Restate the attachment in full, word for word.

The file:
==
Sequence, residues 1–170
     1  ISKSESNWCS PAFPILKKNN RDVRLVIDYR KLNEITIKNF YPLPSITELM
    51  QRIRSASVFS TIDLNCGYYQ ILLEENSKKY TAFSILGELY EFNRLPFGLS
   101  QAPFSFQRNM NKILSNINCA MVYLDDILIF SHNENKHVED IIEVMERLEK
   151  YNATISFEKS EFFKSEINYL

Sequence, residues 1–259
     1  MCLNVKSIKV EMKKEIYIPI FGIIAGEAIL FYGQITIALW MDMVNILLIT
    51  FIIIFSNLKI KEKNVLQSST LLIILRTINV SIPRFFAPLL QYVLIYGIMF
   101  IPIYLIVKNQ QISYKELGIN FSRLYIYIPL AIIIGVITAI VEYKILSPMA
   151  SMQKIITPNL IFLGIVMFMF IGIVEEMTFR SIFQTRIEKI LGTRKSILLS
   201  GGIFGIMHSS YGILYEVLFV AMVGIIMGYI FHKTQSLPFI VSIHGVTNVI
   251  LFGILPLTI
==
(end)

Sequence, residues 1–170
     1  ISKSESNWCS PAFPILKKNN RDVRLVIDYR KLNEITIKNF YPLPSITELM
    51  QRIRSASVFS TIDLNCGYYQ ILLEENSKKY TAFSILGELY EFNRLPFGLS
   101  QAPFSFQRNM NKILSNINCA MVYLDDILIF SHNENKHVED IIEVMERLEK
   151  YNATISFEKS EFFKSEINYL

Sequence, residues 1–259
     1  MCLNVKSIKV EMKKEIYIPI FGIIAGEAIL FYGQITIALW MDMVNILLIT
    51  FIIIFSNLKI KEKNVLQSST LLIILRTINV SIPRFFAPLL QYVLIYGIMF
   101  IPIYLIVKNQ QISYKELGIN FSRLYIYIPL AIIIGVITAI VEYKILSPMA
   151  SMQKIITPNL IFLGIVMFMF IGIVEEMTFR SIFQTRIEKI LGTRKSILLS
   201  GGIFGIMHSS YGILYEVLFV AMVGIIMGYI FHKTQSLPFI VSIHGVTNVI
   251  LFGILPLTI